Take the 2-minute tour ×
Stack Overflow is a question and answer site for professional and enthusiast programmers. It's 100% free, no registration required.

Assume I have two strings (or byte arrays) A and B which both have the same hash (with hash I mean things like MD5 or SHA1). If I concatenate another string behind it, will A+C and B+C have the same hash H' as well? What happens to C+A and C+B?

I tested it with MD5 and in all my tests, appending something to the end made the hash the same, but appending at the beginning did not.

Is this always true (for all inputs)?

Is this true for all (well-known) hash functions? If no, is there a (well-known) hash function, where A+C and B+C will not collide (and C+A and C+B do not either)?

(besides from MD5(x + reverse(x)) and other constructed stuff I mean)

share|improve this question

3 Answers 3

up vote 0 down vote accepted

This depends entirely on the hash function. Also, the probability that you have those collisions is really small.

share|improve this answer
so, do you know any references which list it for several hash functions? –  mihi Jun 15 '09 at 14:50

Details depend on the hash function H, but generally they work as follows:

  1. Consume a block of input X (say, 512 bits)
  2. Break the input into smaller pieces (say, 32 bits) and update hash internal state based on the input
  3. If there's more input, go to step 1
  4. At the end, spit the internal state out as the hash value H(X)

So, if A and B collide i.e. H(A) = H(B), the hash will be in the same state after consuming them. Updating the state further with the same input C can make the resulting hash value identical. This explains why H(A+C) is sometimes H(B+C). But it depends how A's and B's sizes are aligned to input block size and how the hash breaks the input block internally.

C+A and C+B can be identical if C is a multiple of the hash block size but probably not otherwise.

share|improve this answer
I do not agree with this description. If A and B (different inputs) collide on a particular hash compute, they do so because having run through different 'internal' states, they have reached the same final computation (by a very freak chance provided we have a good hash function). –  nik Jun 15 '09 at 15:05
Now, if an extra input C is prefixed or suffixed to the two inputs, these 'internal' states seen in the compute sequence should change significantly to NOT reach the same final computation for (A,C) and (B,C). Where (X,Y) represents Y prefixing or suffixing X. –  nik Jun 15 '09 at 15:07
@nik: Thanks, I've clarified my answer a bit. –  laalto Jun 15 '09 at 15:32
@laalto, I think you are assuming a lot about the effect of block size on the input. –  nik Jun 15 '09 at 15:34
I just ran a few MD5 tests, there is no size of C below 1024 (except the trival 0) where H(C+A) = H(C+B) for all C (created random Cs until finding the odd one out, usually it is the first one...) So, what is the hash block size of MD5? Or did I understand you incorrectly? –  mihi Jun 15 '09 at 16:28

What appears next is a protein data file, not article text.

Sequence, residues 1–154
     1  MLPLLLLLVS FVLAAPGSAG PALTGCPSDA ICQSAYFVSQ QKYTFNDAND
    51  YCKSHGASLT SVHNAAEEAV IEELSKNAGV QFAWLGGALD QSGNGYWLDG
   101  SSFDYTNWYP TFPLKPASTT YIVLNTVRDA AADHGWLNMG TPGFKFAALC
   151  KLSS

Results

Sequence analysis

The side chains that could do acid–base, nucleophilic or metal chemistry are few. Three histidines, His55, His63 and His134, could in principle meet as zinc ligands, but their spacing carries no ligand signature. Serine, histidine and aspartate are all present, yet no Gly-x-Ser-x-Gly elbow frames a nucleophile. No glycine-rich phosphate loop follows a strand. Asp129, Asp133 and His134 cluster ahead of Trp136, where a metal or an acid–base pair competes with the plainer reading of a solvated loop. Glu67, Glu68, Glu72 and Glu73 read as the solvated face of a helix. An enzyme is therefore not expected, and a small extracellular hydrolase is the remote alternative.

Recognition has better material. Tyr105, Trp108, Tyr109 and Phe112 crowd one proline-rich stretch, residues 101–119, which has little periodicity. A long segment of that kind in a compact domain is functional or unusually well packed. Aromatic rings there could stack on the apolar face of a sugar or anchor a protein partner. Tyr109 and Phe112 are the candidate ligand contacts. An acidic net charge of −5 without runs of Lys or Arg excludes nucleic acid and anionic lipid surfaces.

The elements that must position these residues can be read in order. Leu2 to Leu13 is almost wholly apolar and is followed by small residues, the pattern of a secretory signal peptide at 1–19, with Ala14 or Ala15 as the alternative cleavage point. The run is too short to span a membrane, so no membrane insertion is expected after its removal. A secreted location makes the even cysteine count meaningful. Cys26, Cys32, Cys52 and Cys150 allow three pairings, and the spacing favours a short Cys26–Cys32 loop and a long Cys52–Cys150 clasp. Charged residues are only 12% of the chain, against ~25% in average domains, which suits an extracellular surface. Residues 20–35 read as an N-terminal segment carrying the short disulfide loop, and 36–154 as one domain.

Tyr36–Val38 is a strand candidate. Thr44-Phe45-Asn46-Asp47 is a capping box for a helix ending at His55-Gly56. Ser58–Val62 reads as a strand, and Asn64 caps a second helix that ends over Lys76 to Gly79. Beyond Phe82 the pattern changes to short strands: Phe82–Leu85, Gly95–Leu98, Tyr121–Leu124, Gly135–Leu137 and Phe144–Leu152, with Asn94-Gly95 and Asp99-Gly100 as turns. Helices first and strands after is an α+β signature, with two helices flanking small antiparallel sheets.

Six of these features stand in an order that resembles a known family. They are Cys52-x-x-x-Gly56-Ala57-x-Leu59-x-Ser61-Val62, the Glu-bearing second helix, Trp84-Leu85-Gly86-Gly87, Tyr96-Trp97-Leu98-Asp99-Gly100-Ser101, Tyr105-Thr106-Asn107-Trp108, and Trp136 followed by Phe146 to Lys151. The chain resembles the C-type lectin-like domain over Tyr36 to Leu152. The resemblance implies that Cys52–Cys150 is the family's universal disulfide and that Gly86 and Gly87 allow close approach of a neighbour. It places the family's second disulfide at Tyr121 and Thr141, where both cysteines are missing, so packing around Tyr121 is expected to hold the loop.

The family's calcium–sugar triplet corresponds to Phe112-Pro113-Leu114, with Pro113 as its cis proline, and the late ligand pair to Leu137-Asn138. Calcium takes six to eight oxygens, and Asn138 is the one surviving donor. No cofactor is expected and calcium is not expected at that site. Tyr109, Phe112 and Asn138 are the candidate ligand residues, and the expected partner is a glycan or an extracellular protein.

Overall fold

The hash functions being discussed here are typically cryptographic (SHA1, MD5). These hash functions have an Avalanche effect -- the output will change drastically with a slight change in the input.

The prefix and suffix extension of C will effectively make a longer input. So, adding anything to the front or rear of the input should change the effective hash outputs significantly.

I do not understand how you did the MD5 check, here is my test.

echo "abcd" | md5sum

echo "0abcd" | md5sum

echo "abcd0" | md5sum

Are you saying that you located two inputs which had the same MD5 hash and then appended something to the end or beginning of the input and found that adding at the end resulted in the same MD5 as that for the original input?

Please provide samples with your test results.

share|improve this answer
I took the samples from stackoverflow.com/questions/933497/… which have the same MD5 (as stated in the question) and then appended random strings to it. –  mihi Jun 15 '09 at 17:17
It is an observed property of the MD5 function that if MD5(A) == MD5(B) then it is true that MD5(A+C) == MD5(B+C) for any value of C. You need two colliding A and B values to test this, but it has been demonstrated by mathematical analysis of the MD5 function. –  defines Jun 15 '09 at 17:35
@dustin: Any links/references about that? –  mihi Jun 15 '09 at 19:10
@mihi, Ok, i get your sample from the other SO question. Would like to know if this is an academic interest, brute-force possibility analysis or just checking for a stray collision chance? –  nik Jun 16 '09 at 1:41
I have been searching for references and will post as soon as I find a good one. I've found the fact mentioned several times and have been hunting through many whitepapers to find a good source. It's not a maybe, it's a property of the function that was observed mathematically before anyone could demonstrate it. –  defines Jun 18 '09 at 14:07

Your Answer


By posting your answer, you agree to the privacy policy and terms of service.

Not the answer you're looking for? Browse other questions tagged or ask your own question.